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Original Issue


It is four years since The Trouble in Northern Ireland flared anew, brutally devastating and debilitating the land. Against a background of increasing violence, major sports events became hazardous. International soccer matches, which once drew 45,000 people, now were scheduled abroad, or if a rival did agree to play in Belfast, as Canada did last month, only a few thousand spectators came to watch. The terror touched even minor sport. Bankmore Star, a modest soccer team, was one of hundreds that played on weekends in Belfast parks. But then an assassin struck, and players and the team died

The first victim was Patrick Pearse McCrory. He was a large, active, unsuspecting 19-year-old soccer player with Bankmore Star, an amateur club in Belfast. He lived in East Belfast, across the Langan River from the business district, a region of small houses, small shops and pubs that gives way to fine residences and small hedge-enclosed, tree-shaded estates known as Snoozy Hill because of the somnolence of its wealthy residents. McCrory was an apprentice steam fitter when he was not playing soccer.

On the evening of March 13, 1972 the weather was cold and raw, with rain, and few people were out. For that matter few people are outdoors in Belfast after dark even when the weather is fine. But somebody knew that McCrory was home. His doorbell rang and he walked down the hall to answer it. Two gunmen were waiting. It is possible that he recognized them and tried to run. Or it may be that he was ordered to turn around. In any case he died from a shot in the back.

Bankmore Star played in the Willowfield League, a 10-year-old organization built around 18 clubs and a cup called the Henry McWilliam trophy, given by a local soccer enthusiast who had moved to Canada. Mounted on a large wooden stand, the trophy contains figures of three football players and a soccer ball. "It's lovely," said Joseph Murdoch, who has been the secretary of the league since it was organized in 1963. "And then we have plaques for the other teams. Plaques are much better than medals. Medals are carried in the pocket, where no one can see them, and they become tarnished and they fall behind things. Whereas a plaque, you can put it on the mantel or on the television, and people can see it."

As nearly as anyone can remember, Bankmore Star had 24 members when it was a contender for the league championship two years ago. That is the usual membership of a team in a good amateur league. There are 363 amateur soccer clubs in Belfast, or around 5,000 players on clubs that meet once a week during the season that runs from September into May. But that figure does not suggest the hold that soccer has on the sporting imagination of Northern Ireland. In addition, there are 700 clubs and 14,000 players in Northern Ireland's football association (plus innumerable organized school teams and leagues), all in a country that has no more than 150,000 men of soccer-playing age. Part of the obscurity of such teams as Bankmore Star is that there are the great professional organizations, teams like Linfield, which owns its own 55,000-capacity stadium. Linfield competes for the British and European championships. The Willowfield League ranks well below Linfield, even lower than most of the many church leagues, some of which are very strong. Bankmore Star games were played on Saturday afternoons, starting at 2:30. Most of the games were on one or another of the 54 fields of the Belfast Parks Department, available at a fee of £1.10 per game, and since there were many more teams than playing fields, schedules had to be arranged long in advance. No matter what happened, soccer continued to be played.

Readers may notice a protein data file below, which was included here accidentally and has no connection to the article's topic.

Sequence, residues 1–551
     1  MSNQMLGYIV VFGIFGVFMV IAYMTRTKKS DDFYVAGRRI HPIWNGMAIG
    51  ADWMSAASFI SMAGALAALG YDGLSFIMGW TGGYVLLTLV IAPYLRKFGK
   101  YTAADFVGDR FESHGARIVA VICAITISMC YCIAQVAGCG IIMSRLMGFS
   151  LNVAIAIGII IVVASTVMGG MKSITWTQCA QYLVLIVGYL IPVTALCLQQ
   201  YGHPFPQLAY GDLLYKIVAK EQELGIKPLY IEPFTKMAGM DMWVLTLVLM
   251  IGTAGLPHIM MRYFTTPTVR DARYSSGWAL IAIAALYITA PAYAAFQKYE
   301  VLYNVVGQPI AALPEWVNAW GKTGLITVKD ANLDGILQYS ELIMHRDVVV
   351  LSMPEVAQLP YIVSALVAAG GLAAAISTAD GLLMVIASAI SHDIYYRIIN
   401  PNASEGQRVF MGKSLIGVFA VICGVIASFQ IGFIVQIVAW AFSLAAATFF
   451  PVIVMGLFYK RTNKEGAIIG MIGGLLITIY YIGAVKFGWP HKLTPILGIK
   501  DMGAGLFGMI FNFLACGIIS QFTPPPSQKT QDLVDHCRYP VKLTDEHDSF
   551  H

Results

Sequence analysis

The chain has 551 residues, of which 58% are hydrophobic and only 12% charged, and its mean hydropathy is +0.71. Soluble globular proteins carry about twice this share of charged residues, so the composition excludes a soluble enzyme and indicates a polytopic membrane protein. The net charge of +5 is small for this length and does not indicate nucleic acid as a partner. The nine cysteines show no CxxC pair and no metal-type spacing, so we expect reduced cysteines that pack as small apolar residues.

Bankmore Star was a representative aggregation of hard-playing amateurs. No one expected it to produce champions. But on the other hand no one expected Bankmore Star to produce corpses. The second team member to go was David Colin Poots, age 21, who was killed four months after McCrory. Less is known about David than about his teammates. About four o'clock in the morning of July 12, 1972, people living on Springhill Avenue in West Belfast heard shots. They did not investigate. No one investigates the sound of gunfire after dark in Belfast. Moreover July 12 was the day of the traditional Orange Order parade through the city, celebrating the victory of William of Orange over King James II, and heavier than usual bombing and shooting was expected.

About eight o'clock, long after it had grown light, people venturing outside saw a body lying in an area known as The Flush, adjoining a factory building. David Poots had been shot through the head. His face was covered with a pillowcase. That was all that was publicly reported at the time.

One reason for the lack of notice was that newspapers no longer sent reporters and photographers to scenes of crimes and riots. The Trouble, as the people in Belfast call it, started on a large scale in the fall of 1969, and after two years normal press coverage was impossible. At times there was very nearly no newspaper at all. The brand-new $5-million Doily Mirror plant was demolished by bombs before it began operations and the presses were never rebuilt. The morning News Letter, in continuous operation since 1737, was bombed three times, one bomb taking six lives and another shattering the job-printing department but leaving the main press capable of printing the race results and soccer scores for which the paper is noted. "No, it wasn't the bombs that stopped our people," said George Ace, the sports editor of The News Letter. "It was what happened to photographers. One of our photographers stopped at a traffic light. Two men with guns stepped up. 'We'll need your car,' they said. They kept him in a house while they drove his car somewhere to plant a bomb or something. They came back later, untied Jim and told him where he could find his car. A short time later another photographer was stopped in the same way and held for a much longer time. That was during the worst period, the time of assassinations, when there were several every day. No one wanted to send anyone out. We simply used the army's reports." So there were seldom detailed accounts and photographs of sports events, and no photo of a murdered minor league soccer player with a pillowcase over his face. But the scores of games, or some of them, continued to be recorded.

Early in 1971 Bankmore Star began its best year by beating Harland and Wolff Welders 5-2. You can read about Harland and Wolff in A House Divided, the recollections of James Callaghan, who as Home Secretary in the British government at the time was charged with keeping Northern Ireland peaceful. After one of the first riots in Belfast, the situation was reported as improving "despite the shooting during the night, because the shipyard workers of Harland and Wolff, who were overwhelmingly Protestant, were meeting at midday to press for an end to violence."